when the promised land isint all promising

It was a journey reminiscent of the Israelites leaving Egypt for the Promised Land.

On that dusty September afternoon, last year, residents like Ruth Njeri left their mud hovels in the sprawling Kibera slum, and took a 20-minute ride to their ‘paradise’, where more than 300 little palaces awaited them.


The relocation was the first in the slum, and part of a series of slum upgrading projects in the country that are hoped to phase out informal settlements.

The Kibera high-rise flats dwarf some of the shacks residents moved from. Photo: Evans Habil/Standard

Although months have passed since that exciting afternoon for Njeri and dozens others who left their shacks for high-rise flats, an aura of nostalgia still hangs thickly over the new estate.

Njeri’s nostalgia has nothing to do with the surroundings of her former home, which was often awash with rivulets of sewage, rubbish heaps and muddy alleys. It is the camaraderie she once shared with her neighbours in the slum, that she misses most.

“I miss my old friends,” she says.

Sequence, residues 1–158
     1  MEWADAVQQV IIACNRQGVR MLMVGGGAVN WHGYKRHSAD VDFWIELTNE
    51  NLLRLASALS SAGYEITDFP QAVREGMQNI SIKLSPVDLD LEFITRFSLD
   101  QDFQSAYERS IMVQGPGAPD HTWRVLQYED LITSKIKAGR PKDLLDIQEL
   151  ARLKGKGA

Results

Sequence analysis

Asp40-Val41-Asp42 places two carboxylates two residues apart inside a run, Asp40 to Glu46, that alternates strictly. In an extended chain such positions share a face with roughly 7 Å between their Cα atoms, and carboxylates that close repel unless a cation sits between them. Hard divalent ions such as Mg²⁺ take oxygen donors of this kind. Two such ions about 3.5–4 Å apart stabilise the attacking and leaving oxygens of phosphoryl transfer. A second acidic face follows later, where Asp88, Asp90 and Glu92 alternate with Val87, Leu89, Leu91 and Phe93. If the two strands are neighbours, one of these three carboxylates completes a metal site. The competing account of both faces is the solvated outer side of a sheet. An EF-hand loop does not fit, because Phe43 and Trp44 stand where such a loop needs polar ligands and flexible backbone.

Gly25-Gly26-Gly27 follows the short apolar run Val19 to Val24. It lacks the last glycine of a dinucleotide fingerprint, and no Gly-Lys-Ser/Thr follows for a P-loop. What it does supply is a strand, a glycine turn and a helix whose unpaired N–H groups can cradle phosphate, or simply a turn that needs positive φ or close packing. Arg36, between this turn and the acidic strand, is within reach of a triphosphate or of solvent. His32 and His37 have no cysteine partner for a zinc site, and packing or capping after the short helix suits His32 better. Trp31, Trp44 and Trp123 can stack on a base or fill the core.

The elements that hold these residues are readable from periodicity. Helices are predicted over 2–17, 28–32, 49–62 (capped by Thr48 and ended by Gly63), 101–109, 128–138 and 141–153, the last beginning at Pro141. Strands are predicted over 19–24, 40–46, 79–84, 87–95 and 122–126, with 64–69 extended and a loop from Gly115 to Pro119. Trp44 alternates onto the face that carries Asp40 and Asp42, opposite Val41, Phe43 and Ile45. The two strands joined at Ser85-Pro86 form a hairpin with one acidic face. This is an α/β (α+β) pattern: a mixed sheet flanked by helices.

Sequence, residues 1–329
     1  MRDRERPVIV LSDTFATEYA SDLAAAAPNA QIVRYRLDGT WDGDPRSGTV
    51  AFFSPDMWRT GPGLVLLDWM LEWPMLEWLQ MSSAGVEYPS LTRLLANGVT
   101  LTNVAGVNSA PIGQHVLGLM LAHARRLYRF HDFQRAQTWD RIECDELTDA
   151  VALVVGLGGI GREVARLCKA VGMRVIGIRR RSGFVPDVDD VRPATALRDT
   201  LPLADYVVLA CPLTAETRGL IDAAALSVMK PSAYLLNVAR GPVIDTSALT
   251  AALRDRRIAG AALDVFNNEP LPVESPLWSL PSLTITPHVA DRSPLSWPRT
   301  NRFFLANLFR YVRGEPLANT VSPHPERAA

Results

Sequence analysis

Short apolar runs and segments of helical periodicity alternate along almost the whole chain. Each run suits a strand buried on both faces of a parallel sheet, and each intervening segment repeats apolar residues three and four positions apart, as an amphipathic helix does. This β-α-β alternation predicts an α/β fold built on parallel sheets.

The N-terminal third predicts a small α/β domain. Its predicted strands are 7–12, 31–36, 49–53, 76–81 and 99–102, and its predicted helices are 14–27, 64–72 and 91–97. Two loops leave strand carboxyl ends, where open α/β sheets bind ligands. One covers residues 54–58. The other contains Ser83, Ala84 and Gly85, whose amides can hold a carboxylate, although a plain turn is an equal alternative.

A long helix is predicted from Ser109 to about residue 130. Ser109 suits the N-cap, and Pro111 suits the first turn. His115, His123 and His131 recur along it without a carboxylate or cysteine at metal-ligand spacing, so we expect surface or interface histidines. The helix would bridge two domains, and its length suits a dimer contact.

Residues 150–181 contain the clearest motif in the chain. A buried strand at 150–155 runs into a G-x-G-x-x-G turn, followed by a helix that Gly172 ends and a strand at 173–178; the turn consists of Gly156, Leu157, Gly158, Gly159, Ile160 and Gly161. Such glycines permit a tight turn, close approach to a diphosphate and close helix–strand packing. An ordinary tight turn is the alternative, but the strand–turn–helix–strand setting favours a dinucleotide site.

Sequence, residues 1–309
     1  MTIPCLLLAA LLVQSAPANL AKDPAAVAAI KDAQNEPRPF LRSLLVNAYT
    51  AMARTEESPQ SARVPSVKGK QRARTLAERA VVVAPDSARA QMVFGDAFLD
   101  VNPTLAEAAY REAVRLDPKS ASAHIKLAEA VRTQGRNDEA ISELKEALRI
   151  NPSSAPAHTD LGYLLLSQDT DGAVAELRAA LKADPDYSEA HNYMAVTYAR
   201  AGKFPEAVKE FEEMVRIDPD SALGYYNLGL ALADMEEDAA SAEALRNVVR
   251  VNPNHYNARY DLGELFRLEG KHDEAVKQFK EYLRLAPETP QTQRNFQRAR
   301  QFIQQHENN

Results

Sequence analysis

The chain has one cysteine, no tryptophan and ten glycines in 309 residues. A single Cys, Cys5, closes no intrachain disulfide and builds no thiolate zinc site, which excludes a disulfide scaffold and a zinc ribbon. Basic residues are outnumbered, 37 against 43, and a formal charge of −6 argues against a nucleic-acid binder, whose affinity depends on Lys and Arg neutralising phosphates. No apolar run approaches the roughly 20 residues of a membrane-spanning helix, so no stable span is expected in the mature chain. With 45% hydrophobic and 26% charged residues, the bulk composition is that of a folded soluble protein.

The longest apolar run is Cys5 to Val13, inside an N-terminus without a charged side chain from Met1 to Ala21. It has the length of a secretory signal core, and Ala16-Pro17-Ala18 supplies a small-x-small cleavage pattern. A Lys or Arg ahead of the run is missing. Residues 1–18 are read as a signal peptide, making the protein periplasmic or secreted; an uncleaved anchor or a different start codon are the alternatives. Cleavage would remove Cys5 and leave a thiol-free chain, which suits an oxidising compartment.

Sharing house

For Njeri, life in the new flats has been smooth but coupled with the challenges of adjusting to an ‘unfriendly’ environment.

The married woman, in her mid 30s, says she is yet to get used to sharing a house with people she can hardly get along with.

Njeri isn’t alone in the predicament. Other residents also find it hard to live with what they describe as ‘unfriendly housemates’, with whom they have to share facilities like kitchen and bathrooms.

Besides unfriendly housemates, a closer look at the flats reveal a life that is different from the once rosy picture etched onto the minds of the occupants earlier on. More than six months down the line, some flats are yet to be supplied with electricity… Read more

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